Jesus said: “Blessed are the peacemakers, for they will be called children of God.” (Matt 5:9). James affirmed: “Peacemakers who sow in peace raise a harvest of righteousness.” (James 3:18). Paul wrote: “If it is possible, as far as it depends on you, live at peace with everyone.” (Rom 12:18) cf. Heb 11:14 “Make every effort to live in peace with all men.”

Peacemaking is therefore a Christian responsibility.

4. God’s aim is to bring all things into unity in Christ.

Paul writes that God “made known to us the mystery of his will according to his good pleasure, which he purposed in Christ, to be put into effect when the times will have reached their fulfilment—to bring all things in heaven and on earth together under one head, even Christ.” (Eph 1:9–10). So God’s intention for the universe is unity and harmony under Christ. True, this speaking of an eschatological (end times) unity under the direct Lordship of Christ. But, as we have seen, we are to be peacemakers or reconcilers now, not just wait for eschatological (end times) peace to be inaugurated by Jesus at his return. However, complete peace will only be established then.

5. Areas of reconciliation

Clearly reconciliation takes many different forms and can be achieved at different levels, whether in-depth or more superficial.

There can be reconciliation between nations, which may mean anything from cessation of hostilities to co-operation over trade or in other areas.

There can, similarly, be reconciliation between tribal or ethnic groups, within neighbourhoods, in families, between religious groups, within denominations. This need not involve compromise of beliefs, but rather acting on a desire to live alongside one another in harmony, co-operating where possible.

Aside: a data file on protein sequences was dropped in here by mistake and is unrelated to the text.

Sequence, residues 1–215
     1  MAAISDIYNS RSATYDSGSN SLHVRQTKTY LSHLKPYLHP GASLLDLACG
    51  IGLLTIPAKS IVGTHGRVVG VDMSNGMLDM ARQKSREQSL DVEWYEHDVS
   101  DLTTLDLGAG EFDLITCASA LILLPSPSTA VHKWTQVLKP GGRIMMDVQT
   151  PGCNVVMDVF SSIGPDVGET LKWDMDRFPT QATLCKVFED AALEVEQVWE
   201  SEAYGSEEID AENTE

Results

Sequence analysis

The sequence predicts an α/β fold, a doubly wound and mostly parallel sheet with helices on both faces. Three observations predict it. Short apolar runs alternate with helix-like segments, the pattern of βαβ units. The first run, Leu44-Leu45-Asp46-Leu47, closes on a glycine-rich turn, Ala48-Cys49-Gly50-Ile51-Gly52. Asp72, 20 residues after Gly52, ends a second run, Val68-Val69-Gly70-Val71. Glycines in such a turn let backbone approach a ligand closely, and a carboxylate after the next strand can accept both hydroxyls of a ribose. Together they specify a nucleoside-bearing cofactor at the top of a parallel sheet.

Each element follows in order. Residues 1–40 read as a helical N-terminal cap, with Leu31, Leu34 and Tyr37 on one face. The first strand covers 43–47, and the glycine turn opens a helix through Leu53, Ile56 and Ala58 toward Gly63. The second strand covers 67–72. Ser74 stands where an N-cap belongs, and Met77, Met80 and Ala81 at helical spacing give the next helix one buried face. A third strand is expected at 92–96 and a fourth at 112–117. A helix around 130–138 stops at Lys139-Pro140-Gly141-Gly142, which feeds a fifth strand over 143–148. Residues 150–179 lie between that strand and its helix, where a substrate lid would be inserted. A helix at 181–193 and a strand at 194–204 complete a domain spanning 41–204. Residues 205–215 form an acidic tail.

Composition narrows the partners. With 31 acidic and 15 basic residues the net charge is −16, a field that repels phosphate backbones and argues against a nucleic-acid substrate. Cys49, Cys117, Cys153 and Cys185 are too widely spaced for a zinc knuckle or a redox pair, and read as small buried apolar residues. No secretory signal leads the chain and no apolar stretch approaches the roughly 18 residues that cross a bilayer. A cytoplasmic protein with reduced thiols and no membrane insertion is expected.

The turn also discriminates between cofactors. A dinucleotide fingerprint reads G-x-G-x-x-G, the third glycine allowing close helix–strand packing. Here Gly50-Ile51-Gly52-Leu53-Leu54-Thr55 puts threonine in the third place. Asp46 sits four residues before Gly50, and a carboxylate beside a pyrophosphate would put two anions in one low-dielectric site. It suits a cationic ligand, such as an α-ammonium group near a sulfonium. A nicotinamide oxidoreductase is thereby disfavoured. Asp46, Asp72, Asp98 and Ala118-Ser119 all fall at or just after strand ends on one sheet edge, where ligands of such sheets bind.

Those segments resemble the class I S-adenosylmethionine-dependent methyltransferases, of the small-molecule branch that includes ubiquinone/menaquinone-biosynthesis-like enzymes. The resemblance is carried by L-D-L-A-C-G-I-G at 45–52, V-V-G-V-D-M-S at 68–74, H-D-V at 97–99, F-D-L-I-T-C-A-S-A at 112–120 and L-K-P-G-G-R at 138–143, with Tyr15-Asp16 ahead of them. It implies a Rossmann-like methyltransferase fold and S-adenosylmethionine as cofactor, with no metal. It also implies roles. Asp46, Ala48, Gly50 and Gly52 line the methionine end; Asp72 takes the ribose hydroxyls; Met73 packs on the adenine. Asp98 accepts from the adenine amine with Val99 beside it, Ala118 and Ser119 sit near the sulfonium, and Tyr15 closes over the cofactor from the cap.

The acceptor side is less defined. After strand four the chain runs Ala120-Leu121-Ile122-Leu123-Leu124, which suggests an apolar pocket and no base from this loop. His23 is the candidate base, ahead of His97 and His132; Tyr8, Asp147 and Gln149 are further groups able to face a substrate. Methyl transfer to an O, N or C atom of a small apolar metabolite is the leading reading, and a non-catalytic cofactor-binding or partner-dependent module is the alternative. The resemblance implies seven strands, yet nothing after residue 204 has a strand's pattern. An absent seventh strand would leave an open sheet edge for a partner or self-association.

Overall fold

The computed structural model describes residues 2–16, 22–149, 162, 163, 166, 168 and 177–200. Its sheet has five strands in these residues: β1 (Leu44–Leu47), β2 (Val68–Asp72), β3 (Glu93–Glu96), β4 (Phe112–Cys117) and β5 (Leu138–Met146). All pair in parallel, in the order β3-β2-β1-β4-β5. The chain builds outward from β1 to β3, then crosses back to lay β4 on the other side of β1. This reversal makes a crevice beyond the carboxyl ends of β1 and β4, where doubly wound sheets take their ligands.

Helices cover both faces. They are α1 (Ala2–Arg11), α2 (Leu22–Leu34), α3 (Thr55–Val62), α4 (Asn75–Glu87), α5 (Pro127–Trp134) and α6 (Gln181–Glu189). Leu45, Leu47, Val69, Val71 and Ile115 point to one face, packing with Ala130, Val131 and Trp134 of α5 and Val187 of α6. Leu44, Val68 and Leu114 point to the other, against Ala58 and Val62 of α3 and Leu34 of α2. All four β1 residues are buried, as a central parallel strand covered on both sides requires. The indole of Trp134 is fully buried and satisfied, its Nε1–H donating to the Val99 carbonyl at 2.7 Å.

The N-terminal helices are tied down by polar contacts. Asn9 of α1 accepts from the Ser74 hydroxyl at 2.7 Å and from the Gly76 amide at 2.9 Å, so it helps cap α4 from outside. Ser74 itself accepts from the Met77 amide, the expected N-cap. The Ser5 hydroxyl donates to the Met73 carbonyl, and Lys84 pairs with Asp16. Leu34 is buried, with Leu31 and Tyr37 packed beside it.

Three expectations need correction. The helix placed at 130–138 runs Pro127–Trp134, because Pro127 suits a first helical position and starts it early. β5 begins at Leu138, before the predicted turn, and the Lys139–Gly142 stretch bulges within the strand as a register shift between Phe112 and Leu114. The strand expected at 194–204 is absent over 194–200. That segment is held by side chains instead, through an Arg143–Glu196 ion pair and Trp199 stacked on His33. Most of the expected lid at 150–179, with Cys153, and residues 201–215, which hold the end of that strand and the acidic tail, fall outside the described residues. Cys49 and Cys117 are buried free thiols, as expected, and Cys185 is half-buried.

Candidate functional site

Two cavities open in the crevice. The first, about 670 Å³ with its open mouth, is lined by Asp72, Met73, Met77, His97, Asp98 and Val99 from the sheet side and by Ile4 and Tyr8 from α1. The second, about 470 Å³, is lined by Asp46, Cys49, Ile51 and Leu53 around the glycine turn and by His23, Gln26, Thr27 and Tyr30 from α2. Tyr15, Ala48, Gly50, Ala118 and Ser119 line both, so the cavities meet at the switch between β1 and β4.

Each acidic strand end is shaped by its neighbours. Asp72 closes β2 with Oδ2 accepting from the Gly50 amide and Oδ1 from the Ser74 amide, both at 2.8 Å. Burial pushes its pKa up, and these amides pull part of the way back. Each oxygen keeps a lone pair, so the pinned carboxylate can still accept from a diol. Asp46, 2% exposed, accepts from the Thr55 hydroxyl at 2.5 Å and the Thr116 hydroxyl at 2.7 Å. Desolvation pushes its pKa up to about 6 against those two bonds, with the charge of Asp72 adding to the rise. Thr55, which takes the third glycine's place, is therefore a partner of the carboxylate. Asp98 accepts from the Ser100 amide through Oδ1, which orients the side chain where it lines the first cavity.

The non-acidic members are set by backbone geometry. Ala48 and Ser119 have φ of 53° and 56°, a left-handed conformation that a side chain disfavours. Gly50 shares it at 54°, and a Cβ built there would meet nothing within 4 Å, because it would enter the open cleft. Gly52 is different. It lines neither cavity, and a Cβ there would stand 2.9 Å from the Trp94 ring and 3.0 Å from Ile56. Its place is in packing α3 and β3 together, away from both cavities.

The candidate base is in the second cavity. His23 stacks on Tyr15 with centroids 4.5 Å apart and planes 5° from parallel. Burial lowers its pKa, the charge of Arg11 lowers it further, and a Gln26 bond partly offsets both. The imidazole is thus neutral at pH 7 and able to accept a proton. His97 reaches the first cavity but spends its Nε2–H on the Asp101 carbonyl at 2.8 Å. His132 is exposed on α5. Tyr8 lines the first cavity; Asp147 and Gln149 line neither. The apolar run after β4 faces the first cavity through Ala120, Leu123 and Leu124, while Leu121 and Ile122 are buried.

It is generally accepted that the Ecumenical Movement took a wrong turn in trying to encourage a homogeneous unity, but rather should celebrate unity in diversity.

One major issue is the whole matter of interfaith dialogue, which has much relevance to seeking to achieve reconciliation in the Middle East. How far should Christians go in relating to other faiths? After much thinking about this issue I offer the following guidelines:

  1. It should go without saying that people of different faiths should respect freedom of belief, respect one another, share hospitality, combat fears, ignorance and racism etc.
  1. It is good for people of different faiths to co-operate on community and moral issues (e.g. matters of peace, justice, reconciliation, disaster relief, etc).
  2. It is good for mature people of different faiths, who feel able to do so, to discuss matters of faith together, respectfully and honestly facing up to differences. But we must not compromise our beliefs.
  3. Praying or worshiping together, in my view, raises serious problems. Christians believe that God is revealed in and through Jesus and that all prayer is through Jesus, on the basis of his sacrifice. That is not negotiable and should not be compromised, even by implication, which, in my view, happens in interfaith worship.

6. Conclusion

We Christians are called to take a lead in reconciliation, but that does not mean we should compromise biblical truth.© Tony Higton